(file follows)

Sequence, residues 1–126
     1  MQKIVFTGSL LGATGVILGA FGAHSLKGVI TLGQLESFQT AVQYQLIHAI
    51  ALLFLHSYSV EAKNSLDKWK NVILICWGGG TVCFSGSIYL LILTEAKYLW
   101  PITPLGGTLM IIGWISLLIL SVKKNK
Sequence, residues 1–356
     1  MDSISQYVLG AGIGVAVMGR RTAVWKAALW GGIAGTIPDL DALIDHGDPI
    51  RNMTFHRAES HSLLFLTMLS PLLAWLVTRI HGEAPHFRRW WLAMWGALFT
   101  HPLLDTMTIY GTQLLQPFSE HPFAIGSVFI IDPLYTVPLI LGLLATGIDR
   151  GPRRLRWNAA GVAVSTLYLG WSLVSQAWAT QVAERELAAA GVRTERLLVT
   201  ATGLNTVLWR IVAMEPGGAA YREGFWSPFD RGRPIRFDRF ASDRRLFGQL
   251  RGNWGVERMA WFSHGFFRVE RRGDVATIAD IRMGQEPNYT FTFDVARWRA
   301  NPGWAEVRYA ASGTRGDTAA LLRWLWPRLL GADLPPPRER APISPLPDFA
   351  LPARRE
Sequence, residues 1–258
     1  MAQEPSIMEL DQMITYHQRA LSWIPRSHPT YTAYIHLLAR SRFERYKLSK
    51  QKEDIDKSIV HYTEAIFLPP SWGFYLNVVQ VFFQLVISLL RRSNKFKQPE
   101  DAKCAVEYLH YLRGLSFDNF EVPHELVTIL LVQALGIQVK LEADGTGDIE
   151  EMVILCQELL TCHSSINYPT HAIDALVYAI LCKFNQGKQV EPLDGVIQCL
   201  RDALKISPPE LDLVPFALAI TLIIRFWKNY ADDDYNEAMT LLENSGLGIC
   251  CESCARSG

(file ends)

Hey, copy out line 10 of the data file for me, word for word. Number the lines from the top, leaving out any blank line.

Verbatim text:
   201  ATGLNTVLWR IVAMEPGGAA YREGFWSPFD RGRPIRFDRF ASDRRLFGQL